Illustration by Joaquin Kunkel
Since the start of the semester, there have been many dining-related developments, including an announcement that the Convenience Store will be relocated and expanded as well as alleged reports of an increase in dining hall theft.
The Campus Center Convenience Store, located on the first floor of the building, is expected to be moved to the space between Magrudy’s Bookstore and Blacksmith Coffee Company at the entrance to campus. Information from ADNH Compass concerning this development has been limited. Nevertheless, Yumi Gambrill, Class of 2018 and Chair of the Dining Hall Committee, commented that the move is scheduled to take place toward the end of October. However, there is significant uncertainty concerning whether this will actually be the case, since a statement from Kate Chandler, Director of Public Affairs and Communication, suggested that the project completion deadline may have been pushed back and other relevant officials expressed skepticism of the timeline to The Gazelle.
Gambrill explained that the Convenience Store move is an initiative which ADNH has had on the table for a long time. She explained that the new store would essentially be more like a Baqala store, since there is nothing similar near campus.
She elaborated that the community can look forward to a much wider range of items, including a variety of frozen and fresh fruit and vegetables, frozen prepared foods, grab-and-go options, a wider variety of toiletries, fresh meat and a bakery. Gambrill is willing to present student suggestions for additional items to ADNH. Generally, the new space will have healthier options to choose from than other food venues on campus.
Students inquired on social media about whether the new store will contain a non-Muslim section. Gambrill stated that the new Convenience Store is unlikely to contain a non-Muslim section due to the fact that ADNH is run by the government and has a limited and set number of suppliers that generally do not carry these items.
Students also raised concerns about whether the new location of the Convenience Store at the front of campus meant that Campus Dirhams would no longer be accepted. However, Gambrill also assured the student body that the new Convenience Store will accept Campus Dirhams.
As of now, it is unclear how the current Convenience Store space will be utilized, but the Dining Hall Committee is open to suggestions from the student body.
There have been reports suggesting an increase in instances of Dining Hall theft among students. Whether this is in fact true is ambiguous. Robert Titus, Associate Director of Public Safety, made a distinction between theft and misconduct.
“With first-year students who are not quite familiar with how the system works, there is an element of confusion — I call this a misconduct or misunderstanding in their first couple of weeks and not actual theft,” said Titus. However, he said that violations by upperclassmen are considered theft.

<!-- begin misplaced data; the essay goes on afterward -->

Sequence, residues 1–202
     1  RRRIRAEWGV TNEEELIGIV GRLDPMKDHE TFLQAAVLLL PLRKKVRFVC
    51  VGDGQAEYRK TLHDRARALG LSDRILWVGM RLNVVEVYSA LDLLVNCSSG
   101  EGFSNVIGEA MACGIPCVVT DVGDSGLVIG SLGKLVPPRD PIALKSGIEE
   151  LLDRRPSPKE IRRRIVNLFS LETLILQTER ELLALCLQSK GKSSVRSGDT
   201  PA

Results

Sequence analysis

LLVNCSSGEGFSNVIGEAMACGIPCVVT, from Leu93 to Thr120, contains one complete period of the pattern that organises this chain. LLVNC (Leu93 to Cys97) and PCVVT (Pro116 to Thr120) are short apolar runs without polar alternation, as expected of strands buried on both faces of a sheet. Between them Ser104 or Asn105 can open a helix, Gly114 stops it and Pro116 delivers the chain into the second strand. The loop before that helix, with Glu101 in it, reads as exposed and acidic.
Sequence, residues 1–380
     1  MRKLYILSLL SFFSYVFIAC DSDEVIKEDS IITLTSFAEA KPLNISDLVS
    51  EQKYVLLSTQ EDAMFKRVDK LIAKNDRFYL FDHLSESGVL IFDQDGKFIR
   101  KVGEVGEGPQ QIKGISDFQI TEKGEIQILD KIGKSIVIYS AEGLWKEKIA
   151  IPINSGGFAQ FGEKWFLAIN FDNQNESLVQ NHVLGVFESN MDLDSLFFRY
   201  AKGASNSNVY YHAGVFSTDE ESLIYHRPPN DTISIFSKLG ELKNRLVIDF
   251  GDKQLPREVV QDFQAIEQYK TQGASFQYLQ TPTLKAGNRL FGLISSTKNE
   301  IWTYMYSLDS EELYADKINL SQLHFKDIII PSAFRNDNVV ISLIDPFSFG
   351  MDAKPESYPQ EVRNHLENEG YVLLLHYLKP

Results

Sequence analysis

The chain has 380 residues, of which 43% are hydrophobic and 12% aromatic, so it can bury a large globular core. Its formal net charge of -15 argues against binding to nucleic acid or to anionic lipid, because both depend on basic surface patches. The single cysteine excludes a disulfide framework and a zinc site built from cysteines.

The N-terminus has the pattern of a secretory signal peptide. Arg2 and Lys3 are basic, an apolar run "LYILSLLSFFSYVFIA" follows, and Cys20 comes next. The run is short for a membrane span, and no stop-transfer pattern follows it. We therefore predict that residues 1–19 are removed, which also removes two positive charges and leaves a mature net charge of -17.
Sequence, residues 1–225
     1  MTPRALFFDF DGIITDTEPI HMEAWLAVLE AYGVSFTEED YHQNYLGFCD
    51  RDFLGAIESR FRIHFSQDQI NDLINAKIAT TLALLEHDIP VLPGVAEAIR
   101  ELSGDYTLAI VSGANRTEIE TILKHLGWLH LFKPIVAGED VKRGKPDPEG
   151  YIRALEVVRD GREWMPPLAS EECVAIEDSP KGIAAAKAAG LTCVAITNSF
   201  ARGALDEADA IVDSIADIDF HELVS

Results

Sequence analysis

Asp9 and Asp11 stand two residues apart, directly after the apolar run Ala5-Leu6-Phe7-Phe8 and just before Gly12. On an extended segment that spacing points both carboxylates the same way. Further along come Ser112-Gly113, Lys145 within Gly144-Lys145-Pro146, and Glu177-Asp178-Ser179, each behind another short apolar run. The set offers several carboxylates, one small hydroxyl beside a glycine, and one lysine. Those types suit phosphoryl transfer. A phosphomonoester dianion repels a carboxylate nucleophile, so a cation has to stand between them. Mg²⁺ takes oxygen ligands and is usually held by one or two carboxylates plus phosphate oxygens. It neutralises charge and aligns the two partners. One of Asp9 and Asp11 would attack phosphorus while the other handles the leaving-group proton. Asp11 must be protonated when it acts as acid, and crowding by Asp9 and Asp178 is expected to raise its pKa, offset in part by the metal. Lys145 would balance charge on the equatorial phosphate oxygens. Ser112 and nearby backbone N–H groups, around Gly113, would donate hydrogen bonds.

Titus highlighted some other forms of theft that have been reported. Students who purchase a meal from the Meal Club, from which refills are allowed, sometimes grab refills from counters other than the Meal Club, which is not allowed. Titus elaborated on other tactics used by students.
“Students pay for their meal plan, they enjoy their meal, they take their receipt and share that with another student, so they go get a meal … And then what was happening as well was that you had your receipt and went to late lunch, or whatever the case may be, some students would attempt to come back with that receipt during the dinner hours, and just expressed they have continued eating and they’re going back for a refill,” said Titus.
Although Gambrill is not sure if there was an actual increase in theft, she is aware of typical violations. She explained that students sometimes remove items such as mugs, cutlery and plates from the Dining Hall which they never bring back. Titus elaborated on this and stated that last year, dining hall cutlery and plates were found donated in the Second Hand Store.
Gambrill also elaborated upon instances in which students walk through the middle of the Dining Hall passageway without paying for their food. Both Gambrill and Titus agreed that theft often occurs because the dining hall layout is such that it is easy for students to leave unnoticed. According to both, ADNH is considering redesigning and restructuring the dining hall, in the hopes of both making the payment process more efficient and preventing theft.
Another preventive measure against theft that ADNH is considering is setting a time limit of thirty minutes to the receipts so that the refill option can only be used in a single sitting.
Dania Paul is Deputy News Editor. Email her at [email protected]